Our (weeks) long college football nightmare is over, as Friday marked the beginning of a new era and a new Big 12, one that remarkably looks like will actually have 12 teams when the dust settles.
Early Friday morning, BYU, Cincinnati, Houston, and UCF were issued formal invitations to join the Big 12 Conference, marking the first foray into the Power Five for each. The former makes the leap from independent to fully vested status, while the latter three jumped ship from the AAC — formerly the strongest G5 conference in the country — to the greener pastures, and deep pockets, of the P5.
While the last two months have brought much hand-wringing over whether the conference could survive post-Oklahoma and Texas, Friday was a celebration: though the remaining eight schools certainly looked for life rafts to jump ship in July when this news first broke, they solidified their status as teammates once realignment options were exhausted and did the next best thing they could for the greater good.
In the official release, it was pointed out that the vote was unanimous by the eight continuing members, but did not explicitly state whether Texas and OU were a part of the vote and voted no or not included. I am going to guess it was the latter, as they have no real motivation to stir sh*t up on their way out of town.
The Big 12 Conference Board of Directors this morning voted to extend membership invitations to Brigham Young University, the University of Central Florida, the University of Cincinnati, and the University of Houston to join the Conference. Today’s actions were in accordance with Big 12 Conference Bylaw 1.5.2.b.3 requiring an affirmative vote of a supermajority of Directors, and was approved unanimously by the eight continuing members.
While there is still much to be determined, we did learn a few things Friday, led by the proclamation that the conference would return to a division structure as opposed to the round-robin, “One True Champion” structure that cost the league at least one playoff berth but made for a very fun schedule.
BYU AD Tom Holmoe says the Big 12 will have two football divisions.— Nicole Auerbach (@NicoleAuerbach) September 10, 2021
We also discovered that the BYU-TCU rivalry, born in the Mountain West, is as strong as ever:
The other Big 12 schools are looking around picking a new friendly rival. Meanwhile, Frog fans are staring at BYU like this pic.twitter.com/tqNB3dKwvs— Frogs O’ War (@FrogsOWar) September 10, 2021
Speaking of new rivalries, UCF has quickly targeted our friends from Iowa State, and WRNL is not having any of it:
already tired of ucf send them back https://t.co/z5HntD9zct— Wide Right & Natty Lite (@WideRtNattyLt) September 10, 2021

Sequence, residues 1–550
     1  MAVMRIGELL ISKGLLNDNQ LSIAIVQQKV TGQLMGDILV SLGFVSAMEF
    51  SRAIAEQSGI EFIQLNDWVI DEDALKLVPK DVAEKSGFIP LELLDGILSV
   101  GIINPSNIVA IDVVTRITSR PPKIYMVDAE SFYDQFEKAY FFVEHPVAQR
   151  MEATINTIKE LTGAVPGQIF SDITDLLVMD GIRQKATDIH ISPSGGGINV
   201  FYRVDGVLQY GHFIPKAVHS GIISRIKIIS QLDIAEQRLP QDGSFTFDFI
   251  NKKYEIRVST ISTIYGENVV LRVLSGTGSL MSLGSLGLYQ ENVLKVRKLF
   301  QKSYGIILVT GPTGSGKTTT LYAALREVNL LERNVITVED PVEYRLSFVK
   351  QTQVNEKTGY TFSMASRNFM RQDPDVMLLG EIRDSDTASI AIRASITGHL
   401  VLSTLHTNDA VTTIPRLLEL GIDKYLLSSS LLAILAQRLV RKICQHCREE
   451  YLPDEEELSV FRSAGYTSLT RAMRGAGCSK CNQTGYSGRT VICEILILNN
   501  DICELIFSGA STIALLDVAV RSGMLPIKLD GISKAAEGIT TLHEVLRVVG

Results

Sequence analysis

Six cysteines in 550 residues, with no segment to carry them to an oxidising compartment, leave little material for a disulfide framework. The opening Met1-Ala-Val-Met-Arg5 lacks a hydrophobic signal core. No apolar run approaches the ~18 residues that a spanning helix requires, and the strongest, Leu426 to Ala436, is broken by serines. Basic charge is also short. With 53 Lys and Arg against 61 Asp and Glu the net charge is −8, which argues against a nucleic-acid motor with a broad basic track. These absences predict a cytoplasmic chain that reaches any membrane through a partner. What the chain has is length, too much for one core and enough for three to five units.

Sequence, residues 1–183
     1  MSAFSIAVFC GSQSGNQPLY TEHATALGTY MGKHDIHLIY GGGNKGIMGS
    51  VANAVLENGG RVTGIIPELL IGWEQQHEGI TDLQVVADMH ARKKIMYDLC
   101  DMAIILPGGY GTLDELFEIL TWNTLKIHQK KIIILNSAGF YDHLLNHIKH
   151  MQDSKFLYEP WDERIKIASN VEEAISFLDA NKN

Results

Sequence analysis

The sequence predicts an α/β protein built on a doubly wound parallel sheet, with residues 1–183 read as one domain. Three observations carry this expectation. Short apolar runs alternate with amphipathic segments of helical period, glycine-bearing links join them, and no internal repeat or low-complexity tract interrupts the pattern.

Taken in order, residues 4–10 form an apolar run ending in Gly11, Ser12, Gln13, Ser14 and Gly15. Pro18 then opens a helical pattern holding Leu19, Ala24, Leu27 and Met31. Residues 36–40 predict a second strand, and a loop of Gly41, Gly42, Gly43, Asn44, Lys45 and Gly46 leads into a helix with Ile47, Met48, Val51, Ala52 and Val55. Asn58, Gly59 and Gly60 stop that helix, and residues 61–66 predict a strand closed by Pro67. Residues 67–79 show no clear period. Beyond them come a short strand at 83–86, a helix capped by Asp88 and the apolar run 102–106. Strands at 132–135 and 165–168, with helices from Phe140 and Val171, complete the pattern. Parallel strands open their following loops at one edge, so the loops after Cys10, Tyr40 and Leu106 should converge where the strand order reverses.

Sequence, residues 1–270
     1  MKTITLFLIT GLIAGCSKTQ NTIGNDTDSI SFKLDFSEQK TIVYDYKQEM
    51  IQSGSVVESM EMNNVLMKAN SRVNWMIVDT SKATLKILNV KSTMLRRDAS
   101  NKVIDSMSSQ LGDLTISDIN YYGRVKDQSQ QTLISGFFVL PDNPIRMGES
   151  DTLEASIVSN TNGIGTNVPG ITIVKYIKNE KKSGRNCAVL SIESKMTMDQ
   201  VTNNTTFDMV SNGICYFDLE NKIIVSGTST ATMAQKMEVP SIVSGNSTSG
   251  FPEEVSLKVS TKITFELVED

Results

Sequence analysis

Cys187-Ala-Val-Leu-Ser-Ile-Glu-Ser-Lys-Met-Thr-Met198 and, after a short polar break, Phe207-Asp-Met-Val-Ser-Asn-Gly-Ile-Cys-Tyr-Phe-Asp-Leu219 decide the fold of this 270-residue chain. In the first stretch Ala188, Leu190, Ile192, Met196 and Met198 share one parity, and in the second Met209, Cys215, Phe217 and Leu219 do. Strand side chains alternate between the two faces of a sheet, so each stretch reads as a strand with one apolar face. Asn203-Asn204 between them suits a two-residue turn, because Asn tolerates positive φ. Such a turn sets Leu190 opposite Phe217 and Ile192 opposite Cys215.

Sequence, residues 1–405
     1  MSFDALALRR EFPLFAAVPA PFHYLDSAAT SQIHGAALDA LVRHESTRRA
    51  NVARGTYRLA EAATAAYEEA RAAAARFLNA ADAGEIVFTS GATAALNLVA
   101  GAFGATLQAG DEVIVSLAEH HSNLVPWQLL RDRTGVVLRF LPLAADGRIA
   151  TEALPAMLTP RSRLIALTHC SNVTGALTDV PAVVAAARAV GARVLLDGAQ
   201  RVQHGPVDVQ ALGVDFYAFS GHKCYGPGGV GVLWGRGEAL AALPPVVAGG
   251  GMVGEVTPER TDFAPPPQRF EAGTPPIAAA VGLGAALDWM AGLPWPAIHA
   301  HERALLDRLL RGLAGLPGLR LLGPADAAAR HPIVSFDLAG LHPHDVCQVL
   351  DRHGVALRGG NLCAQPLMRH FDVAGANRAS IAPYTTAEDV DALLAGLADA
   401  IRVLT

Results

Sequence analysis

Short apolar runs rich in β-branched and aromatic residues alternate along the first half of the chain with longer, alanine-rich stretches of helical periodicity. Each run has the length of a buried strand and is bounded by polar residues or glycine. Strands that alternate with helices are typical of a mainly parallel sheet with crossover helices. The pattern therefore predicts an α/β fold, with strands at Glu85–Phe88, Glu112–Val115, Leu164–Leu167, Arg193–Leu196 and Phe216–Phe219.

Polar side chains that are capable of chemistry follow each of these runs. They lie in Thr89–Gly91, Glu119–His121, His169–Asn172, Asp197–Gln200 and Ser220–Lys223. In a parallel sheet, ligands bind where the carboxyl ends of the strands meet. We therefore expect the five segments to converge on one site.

Of course, in light of the alternative...
You want us back instead— Rouvy Legend, Basketball Idiot (@Bitterwhiteguy) September 10, 2021
As far as the official stance of each new member school? They couldn’t be more excited.
OFFICIAL: Brigham Young University has accepted an invitation to join the Big 12 Conference. pic.twitter.com/0brQvmwSmA— BYU (@BYU) September 10, 2021
The University of Cincinnati has accepted an invitation to join the @Big12Conference. The road ahead has never been bigger or brighter. #NextLivesHerehttps://t.co/rTTFW1nrQV— U of Cincinnati (@uofcincy) September 10, 2021
We have some Big news.— University of Houston (@UHouston) September 10, 2021
The University of Houston has accepted an invitation to join the Big 12 Conference. ➡️ https://t.co/OskYtcEF1u pic.twitter.com/y10PGFXx1D
This is Big. #ChargeOn pic.twitter.com/B0vcprwPzN— UCF Knights (@UCFKnights) September 10, 2021
The strength of this conference top to bottom will be as strong, in my opinion, as the Pac-12 and ACC. While there isn’t a “blue blood” or a dominant program, the new media deal for the 12 team version of this league shouldn’t be a major drop-off; while Texas and OU bring major eyeballs, so does BYU, and the markets of Houston and Orlando are significant. Anything in the mid-$20 million range would be considered a win, for sure. On the field, this is a much better product in my opinion; the Sooners have dominated, winning six straight titles, and without them lording over things, it’s a wide open field that has several strong programs to compete for titles year in and year out. That has to be exciting for the Iowa States, TCUs, and Oklahoma States of the world, and gives hope to WVU, Baylor, Kansas State, and others, who can see a much more clearly defined path to the top. That’s great news for the four new members as well; BYU’s jump should be the easiest, while Cincy and UCF have built ranked programs at the G5 level and come to the table with a resume not all that different than those of TCU and WVU when they were invited a decade ago. And hell, it’s not like Texas was propping anybody up on the field lately anyway.
If we start talking basketball, you could argue it’s a deeper, stronger, more terrifying league than it already was. Baseball should be great as well, and the “non-revenue” sports of the four new schools offer plenty of positive talking points. The actual athletics product should be outstanding, even if the rest of the P5 turns their nose up at the names on the jerseys in the national conversation.
Last but not least? The Big 12 might not stop at 12.
“Big 12 sources have said publicly and privately in recent days that the conference is not necessarily done expanding despite formally inviting BYU, Cincinnati, Houston and UCF on Friday.
Any further expansion would most likely come after 2024. Commissioner Bob Bowlsby said Friday that BYU would join the conference in 2023. The other three programs will join “no later than” July 1, 2024.
Sources stressed Boise State and Memphis are among several schools being discussed. It has long been known that Boise State is on the Big 12’s list of potential future additions.”